Thursday, March 1, 2018

Review: Red Adam's Lady by Grace Ingram

From the Back Cover:

The fair Lady Julitta has a problem. She is not wealthy. She prizes her virginity. And her liege, whom she despises, is intent on rape. Red Adam is the lord of Brentborough castle—young, impetuous, scandalous, a twelfth-century hell raiser. On one of his nights of drunken revelry he abducts Julitta. Though she fends him off, keeping her virginity, he has sullied her honor. Then, to the astonishment of all, he marries her.

Red Adam’s Lady is a boisterous, bawdy tale of wild adventure, set against the constant dangers of medieval England. It is a story of civil war and border raids, scheming aristorcrats and brawling villagers, daring escapes across the moors and thundering descents down steep cliffs to the ocean. Its vivid details give the reader a fascinating and realistic view of life in a medieval castle and village. And the love story in it is an unusual one, since Julitta won’t let Adam get closer than the length of her stiletto. Long out of print though highly acclaimed, Red Adam’s Lady is a true classic of historical fiction along the lines of Anya Seton’s Katherine and Sharon Kay Penman’s Here Be Dragons.

My Thoughts:

I had not heard of this book before receiving an email asking if I'd be interested in reviewing the reissued edition, but when I saw that Elizabeth Chadwick had written the foreword and that it was being compared to SKP and Anya Seton, I had to give it a shot.

While waiting out a storm in a village tavern, Lady Julitta is mistaken for a strumpet by the new young lord of the manor, Red Adam, whose reputation for drinking and whoring is legendary. I think the book blurb does him a disservice by claiming he's intent on rape, though he does think she's a whore and can't understand why she doesn't want to have a little fun with him. Julitta knocks him out cold and ties him to the bedpost, and when Adam awakes in the morning, it's love at first sight for him. Ashamed of his behavior, and seeing Julitta subjected to her uncle's wrath, Adam vows to make it right by marrying her. Prideful Julitta refuses to see a man shackled to her as punishment, but she soon realizes marriage to Adam is the only real option she has. But she determines this will be a marriage in name only, no matter how sweet her handsome new husband is.

Jealous of their new mistress and not happy at having to work again after years of neglecting their duties, most of the servants in the household conspire against her, making her uphill battle to transform the dilapidated keep into a nobleman's home even steeper. Add to her problems the discovery that someone in the household has been stealing from Adam, the mystery of what happened to the old lord's pregnant wife resurfaces, rumors of another heir seeking to oust Red Adam abound, and there's a rebellion going on in the kingdom, of which Adam is smack in the middle. Taking place during the time when Henry II's heir, Young King Henry, rises up against him and nobles in England have to decide with which king their loyalty lies, Adam holds for Henry II, but his neighbors support the young king and consider Adam a traitor. And then the Scots invade...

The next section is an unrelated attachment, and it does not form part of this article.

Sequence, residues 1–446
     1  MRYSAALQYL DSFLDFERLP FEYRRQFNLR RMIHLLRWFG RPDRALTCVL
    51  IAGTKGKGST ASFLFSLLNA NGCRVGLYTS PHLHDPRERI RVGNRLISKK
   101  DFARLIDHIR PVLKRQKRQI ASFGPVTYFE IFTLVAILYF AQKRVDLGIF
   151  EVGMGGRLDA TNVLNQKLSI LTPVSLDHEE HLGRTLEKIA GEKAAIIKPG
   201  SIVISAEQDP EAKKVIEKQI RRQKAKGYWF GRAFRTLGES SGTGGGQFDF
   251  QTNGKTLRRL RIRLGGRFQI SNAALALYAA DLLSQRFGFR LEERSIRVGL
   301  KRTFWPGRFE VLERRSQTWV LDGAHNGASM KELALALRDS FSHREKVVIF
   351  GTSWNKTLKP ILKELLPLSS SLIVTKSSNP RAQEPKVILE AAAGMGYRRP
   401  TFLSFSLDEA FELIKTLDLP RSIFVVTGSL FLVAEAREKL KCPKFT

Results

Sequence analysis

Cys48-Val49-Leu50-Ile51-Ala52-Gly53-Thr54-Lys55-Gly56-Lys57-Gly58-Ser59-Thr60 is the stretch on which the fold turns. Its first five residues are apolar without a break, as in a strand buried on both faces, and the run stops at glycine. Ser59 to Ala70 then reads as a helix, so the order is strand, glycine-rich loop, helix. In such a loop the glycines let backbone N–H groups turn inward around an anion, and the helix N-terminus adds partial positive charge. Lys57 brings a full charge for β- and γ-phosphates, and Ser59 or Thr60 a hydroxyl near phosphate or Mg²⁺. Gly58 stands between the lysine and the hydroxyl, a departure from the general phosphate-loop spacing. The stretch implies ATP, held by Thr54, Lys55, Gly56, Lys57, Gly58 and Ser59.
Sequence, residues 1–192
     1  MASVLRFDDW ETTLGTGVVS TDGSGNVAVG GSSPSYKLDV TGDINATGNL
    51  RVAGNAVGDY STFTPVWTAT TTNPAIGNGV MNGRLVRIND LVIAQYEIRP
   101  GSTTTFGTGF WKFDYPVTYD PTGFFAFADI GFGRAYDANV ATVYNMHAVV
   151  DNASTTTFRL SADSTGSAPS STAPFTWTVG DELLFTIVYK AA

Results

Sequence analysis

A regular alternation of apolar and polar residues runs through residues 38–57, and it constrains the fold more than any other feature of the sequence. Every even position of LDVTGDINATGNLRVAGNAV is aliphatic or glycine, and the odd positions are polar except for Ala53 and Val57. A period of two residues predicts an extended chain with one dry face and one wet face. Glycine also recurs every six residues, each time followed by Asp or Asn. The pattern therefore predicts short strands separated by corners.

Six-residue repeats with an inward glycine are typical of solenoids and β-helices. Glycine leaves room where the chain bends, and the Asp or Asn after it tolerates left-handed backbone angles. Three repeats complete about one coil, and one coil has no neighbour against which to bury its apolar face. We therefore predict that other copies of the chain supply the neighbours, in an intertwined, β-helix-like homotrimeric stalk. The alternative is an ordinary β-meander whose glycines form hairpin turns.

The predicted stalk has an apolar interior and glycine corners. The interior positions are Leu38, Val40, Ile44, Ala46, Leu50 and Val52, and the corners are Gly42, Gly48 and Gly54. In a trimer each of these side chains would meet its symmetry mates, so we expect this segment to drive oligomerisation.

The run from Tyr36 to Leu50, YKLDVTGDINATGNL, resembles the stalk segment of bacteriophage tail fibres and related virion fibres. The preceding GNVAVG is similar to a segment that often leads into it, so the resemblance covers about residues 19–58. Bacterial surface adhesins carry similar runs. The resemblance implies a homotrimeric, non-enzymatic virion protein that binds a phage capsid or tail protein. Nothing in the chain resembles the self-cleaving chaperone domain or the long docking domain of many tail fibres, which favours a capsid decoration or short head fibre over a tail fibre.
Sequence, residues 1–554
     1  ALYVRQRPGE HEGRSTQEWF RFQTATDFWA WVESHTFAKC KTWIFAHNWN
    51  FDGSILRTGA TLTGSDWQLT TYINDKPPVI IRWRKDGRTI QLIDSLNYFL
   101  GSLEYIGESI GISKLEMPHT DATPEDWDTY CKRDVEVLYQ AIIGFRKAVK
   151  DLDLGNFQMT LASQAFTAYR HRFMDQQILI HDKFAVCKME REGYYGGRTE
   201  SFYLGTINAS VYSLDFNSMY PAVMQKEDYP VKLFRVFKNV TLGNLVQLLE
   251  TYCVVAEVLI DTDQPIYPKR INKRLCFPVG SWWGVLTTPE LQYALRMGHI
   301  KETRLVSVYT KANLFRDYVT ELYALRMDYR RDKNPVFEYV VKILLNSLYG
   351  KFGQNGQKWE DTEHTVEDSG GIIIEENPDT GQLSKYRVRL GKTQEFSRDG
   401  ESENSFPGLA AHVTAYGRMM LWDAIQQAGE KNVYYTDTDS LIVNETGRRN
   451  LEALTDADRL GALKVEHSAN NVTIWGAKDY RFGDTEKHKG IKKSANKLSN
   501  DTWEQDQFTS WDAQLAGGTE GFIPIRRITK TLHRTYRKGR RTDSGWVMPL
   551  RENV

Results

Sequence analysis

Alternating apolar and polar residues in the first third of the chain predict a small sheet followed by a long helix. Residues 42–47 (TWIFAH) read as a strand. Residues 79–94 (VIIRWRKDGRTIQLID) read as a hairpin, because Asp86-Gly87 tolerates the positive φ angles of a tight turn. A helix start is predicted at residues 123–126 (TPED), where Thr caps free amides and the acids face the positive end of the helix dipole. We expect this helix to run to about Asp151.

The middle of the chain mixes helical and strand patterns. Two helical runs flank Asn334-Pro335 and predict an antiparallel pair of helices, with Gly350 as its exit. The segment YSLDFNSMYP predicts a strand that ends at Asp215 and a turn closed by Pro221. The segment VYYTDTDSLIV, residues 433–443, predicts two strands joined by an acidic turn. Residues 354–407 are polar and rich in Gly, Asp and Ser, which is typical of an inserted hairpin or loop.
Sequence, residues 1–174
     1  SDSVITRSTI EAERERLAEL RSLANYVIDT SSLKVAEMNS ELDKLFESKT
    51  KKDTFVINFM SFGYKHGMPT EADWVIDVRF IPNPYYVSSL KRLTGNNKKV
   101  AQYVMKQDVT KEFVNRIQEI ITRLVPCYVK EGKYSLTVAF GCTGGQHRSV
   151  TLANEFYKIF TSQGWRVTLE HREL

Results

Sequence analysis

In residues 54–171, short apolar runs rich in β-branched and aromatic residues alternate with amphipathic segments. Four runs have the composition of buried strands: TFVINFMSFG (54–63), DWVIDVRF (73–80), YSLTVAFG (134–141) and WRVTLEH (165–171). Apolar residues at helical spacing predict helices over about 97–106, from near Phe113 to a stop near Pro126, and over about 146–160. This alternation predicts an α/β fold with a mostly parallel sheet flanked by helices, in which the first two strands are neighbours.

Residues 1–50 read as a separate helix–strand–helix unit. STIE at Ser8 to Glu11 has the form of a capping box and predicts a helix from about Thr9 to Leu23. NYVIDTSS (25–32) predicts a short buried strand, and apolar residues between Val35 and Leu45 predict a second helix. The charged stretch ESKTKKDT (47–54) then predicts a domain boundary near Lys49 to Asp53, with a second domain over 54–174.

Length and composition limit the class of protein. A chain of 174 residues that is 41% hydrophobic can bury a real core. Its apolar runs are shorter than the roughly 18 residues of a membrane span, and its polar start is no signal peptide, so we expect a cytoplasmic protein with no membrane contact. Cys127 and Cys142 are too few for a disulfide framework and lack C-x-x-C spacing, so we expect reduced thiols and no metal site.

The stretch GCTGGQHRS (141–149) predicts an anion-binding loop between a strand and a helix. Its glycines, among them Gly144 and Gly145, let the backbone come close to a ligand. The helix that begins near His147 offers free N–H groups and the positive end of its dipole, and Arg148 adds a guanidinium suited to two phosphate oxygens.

This book started off a bit rough for me, being thrown right into the action with lots of period dialect and archaic language, but I was soon swept up in the story and could not put it down. Red Adam is totally swoon-worthy, or as we say in the South, he's a big ole sweet potato. And Julitta is a clever vixen (as Adam calls her) indeed. Her stubborn pride, her previous mistreatment at the hands of other men, and her low self-esteem all serve in convincing her to hold Adam at arm's length, to never let him see the effect he has on her. But Adam, bless him, wise beyond his years, completely at odds with the initial picture we are given of him, recognizes all of these things, realizes what a catch she is, and determines to win her love against those odds. The scene where she finally confesses her love for him and they consummate their marriage is the kind of scene that lends itself to being read over and over again--it's that sweet and honest and romantic.

While this technically has all the hallmarks of a romance, it's also gritty, bloody, and tragic--these were dangerous times they were living in, even without the rebellion. Characters start dropping like a George R.R. Martin novel, and the climactic scenes in which Adam and Julitta are fleeing for their lives from his enemies, along the way trying to save as many innocents as they can from the invading Scots, are nail-biters. This is a story that stands the test of time and is sure to please readers who like their romance with hearty doses of history and adventure.

My Rating:  4 Stars out of 5

1 comment:

  1. Great review, Jenny. Hope you'll share it with everyone over at Books You Loved: March. Cheers from carole's Chatter


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